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Author Steele, Kyle P., author
Title Making a mass institution : Indianapolis and the American high school / Kyle P. Steele
Imprint New Brunswick, NJ : Rutgers University Press, [2020]
©2020
book jacket
LOCATION CALL # STATUS OPACMSG BARCODE
 人文社會聯圖  LA285.I5 S74 2020    AVAILABLE    30610020629655
Descript vii, 195 pages : illustrations, maps ; 24 cm
text txt rdacontent
unmediated n rdamedia
volume nc rdacarrier
Series New directions in the history of education
New directions in the history of education
Note Includes bibliographical references (pages 153-185) and index
Introduction -- Shortridge, then Manual, then Arsenal : Indianapolis defines and develops a high school system, 1890-1919 -- Forced segregation and the creation of Crispus Attucks High School, 1919-1929 -- The high school moves to the center of the American adolescent experience, 1929-1941 -- An end to de jure school segregation, Crispus Attucks basketball success, and the limits of racial equality, 1941-1955 -- "Life adjustment" education, suburbanization, unigov, and an unjust system by a new nName, 1955-1971 -- Conclusion
"Making a Mass Institution describes how Indianapolis, Indiana created a divided and unjust system of high schools over the course of the twentieth century, one that effectively sorted students geographically, economically, and racially. Like most U.S. cities, Indianapolis began its secondary system with a singular, decidedly academic high school, but ended the 1960s with multiple high schools with numerous paths to graduation. Some of the schools were academic, others vocational, and others still for what was eventually called "life adjustment." This system mirrored the multiple forces of mass society that surrounded it, as it became more bureaucratic, more focused on identifying and organizing students based on perceived abilities, and more anxious about teaching conformity to middle-class values. By highlighting the experiences of the students themselves and the formation of a distinct, school-centered youth culture, Kyle P. Steele argues that high school, as it evolved into a mass institution, was never fully the domain of policy elites, school boards and administrators, or students, but a complicated and ever-changing contested meeting place of all three"-- Provided by publisher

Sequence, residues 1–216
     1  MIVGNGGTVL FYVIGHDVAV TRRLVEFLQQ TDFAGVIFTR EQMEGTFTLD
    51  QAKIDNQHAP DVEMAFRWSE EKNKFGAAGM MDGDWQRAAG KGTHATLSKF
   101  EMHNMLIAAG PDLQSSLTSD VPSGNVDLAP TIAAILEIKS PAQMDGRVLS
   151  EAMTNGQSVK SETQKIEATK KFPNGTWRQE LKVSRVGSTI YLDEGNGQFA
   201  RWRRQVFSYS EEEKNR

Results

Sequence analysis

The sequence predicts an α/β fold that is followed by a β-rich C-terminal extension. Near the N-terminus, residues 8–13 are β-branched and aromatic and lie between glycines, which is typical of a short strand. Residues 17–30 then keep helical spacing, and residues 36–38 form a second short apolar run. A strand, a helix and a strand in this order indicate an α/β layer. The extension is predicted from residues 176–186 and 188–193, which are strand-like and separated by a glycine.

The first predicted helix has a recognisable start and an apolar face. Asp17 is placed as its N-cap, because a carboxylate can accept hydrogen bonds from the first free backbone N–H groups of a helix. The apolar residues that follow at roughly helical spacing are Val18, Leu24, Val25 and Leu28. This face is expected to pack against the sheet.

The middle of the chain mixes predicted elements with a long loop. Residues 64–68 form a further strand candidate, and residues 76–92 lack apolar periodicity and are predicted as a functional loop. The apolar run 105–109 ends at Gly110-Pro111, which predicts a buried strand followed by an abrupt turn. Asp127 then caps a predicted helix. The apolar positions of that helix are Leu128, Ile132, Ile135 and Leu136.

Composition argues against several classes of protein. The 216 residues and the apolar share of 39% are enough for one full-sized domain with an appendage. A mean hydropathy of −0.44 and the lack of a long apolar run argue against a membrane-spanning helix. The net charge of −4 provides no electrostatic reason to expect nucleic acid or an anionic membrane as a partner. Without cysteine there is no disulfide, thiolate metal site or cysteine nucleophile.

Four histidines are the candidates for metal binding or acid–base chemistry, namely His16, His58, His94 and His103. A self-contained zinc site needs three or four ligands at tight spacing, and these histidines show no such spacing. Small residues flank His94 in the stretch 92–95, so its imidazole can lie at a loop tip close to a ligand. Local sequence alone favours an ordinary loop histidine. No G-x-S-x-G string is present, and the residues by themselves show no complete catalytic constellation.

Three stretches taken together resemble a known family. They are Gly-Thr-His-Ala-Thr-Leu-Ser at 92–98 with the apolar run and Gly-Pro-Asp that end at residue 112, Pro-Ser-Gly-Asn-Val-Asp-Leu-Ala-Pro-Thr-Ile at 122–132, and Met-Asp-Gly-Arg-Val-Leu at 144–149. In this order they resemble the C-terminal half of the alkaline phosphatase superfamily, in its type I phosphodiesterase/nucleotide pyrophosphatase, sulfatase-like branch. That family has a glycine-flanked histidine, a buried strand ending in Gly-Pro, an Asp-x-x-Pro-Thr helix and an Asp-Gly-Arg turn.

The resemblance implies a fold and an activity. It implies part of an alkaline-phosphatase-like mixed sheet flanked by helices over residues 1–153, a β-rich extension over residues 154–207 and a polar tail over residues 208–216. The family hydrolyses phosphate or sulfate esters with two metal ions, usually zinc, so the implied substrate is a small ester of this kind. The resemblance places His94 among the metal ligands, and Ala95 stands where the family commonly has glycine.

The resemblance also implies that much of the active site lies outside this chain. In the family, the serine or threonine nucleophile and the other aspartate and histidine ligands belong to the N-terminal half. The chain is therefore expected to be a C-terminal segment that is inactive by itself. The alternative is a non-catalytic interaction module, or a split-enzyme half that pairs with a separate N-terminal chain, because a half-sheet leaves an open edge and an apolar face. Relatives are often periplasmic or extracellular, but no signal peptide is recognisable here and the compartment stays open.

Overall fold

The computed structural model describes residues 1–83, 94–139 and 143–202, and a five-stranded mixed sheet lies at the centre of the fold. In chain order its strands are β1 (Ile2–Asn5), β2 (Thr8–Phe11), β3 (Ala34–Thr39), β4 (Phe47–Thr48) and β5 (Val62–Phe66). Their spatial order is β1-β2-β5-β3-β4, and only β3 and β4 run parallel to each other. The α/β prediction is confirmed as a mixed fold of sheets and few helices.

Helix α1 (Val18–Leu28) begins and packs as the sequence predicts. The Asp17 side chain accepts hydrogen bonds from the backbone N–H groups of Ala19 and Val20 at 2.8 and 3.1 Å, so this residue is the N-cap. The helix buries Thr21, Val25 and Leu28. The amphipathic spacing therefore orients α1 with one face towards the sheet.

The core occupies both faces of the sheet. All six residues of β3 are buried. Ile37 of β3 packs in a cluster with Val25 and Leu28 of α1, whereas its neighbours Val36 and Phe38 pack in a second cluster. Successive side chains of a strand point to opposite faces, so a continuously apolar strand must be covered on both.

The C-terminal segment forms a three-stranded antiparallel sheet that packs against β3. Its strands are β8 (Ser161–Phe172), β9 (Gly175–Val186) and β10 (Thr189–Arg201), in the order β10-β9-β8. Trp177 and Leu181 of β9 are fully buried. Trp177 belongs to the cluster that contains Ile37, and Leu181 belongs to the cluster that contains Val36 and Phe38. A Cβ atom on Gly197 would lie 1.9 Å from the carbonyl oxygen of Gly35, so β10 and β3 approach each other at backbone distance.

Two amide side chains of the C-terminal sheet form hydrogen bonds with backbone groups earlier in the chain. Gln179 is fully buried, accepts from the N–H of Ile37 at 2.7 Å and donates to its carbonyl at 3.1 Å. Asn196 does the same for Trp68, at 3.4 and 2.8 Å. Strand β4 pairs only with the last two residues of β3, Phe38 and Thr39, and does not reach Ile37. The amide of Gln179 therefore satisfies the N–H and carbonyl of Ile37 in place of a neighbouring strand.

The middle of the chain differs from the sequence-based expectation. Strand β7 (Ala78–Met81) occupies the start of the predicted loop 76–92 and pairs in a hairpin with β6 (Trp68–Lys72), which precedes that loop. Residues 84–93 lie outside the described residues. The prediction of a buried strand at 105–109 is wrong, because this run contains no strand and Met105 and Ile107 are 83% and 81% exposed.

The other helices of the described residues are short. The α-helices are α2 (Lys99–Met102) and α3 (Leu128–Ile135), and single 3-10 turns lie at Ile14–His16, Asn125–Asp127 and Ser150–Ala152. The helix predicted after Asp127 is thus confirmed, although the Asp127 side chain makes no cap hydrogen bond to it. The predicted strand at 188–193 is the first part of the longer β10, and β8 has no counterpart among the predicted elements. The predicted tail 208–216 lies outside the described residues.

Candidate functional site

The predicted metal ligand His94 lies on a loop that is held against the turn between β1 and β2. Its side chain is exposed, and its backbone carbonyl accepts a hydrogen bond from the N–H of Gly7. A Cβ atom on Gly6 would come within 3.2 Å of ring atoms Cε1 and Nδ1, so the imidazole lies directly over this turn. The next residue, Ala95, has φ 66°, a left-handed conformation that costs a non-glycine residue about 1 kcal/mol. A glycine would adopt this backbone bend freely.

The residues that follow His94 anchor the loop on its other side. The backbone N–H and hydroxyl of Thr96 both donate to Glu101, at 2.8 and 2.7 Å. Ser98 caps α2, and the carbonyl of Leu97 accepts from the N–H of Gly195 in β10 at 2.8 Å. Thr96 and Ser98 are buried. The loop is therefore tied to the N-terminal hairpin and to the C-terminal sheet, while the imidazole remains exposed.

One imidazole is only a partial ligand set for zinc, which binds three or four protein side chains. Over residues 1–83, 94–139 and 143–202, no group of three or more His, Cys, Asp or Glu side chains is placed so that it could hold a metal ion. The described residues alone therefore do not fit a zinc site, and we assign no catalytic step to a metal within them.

Subject Education, Secondary -- Indiana -- Indianapolis -- History -- 20th century
High schools -- Indiana -- Indianapolis -- History -- 20th century
Segregation in education -- Indiana -- Indianapolis -- History -- 20th century
Indianapolis (Ind.) -- Social conditions -- 20th century
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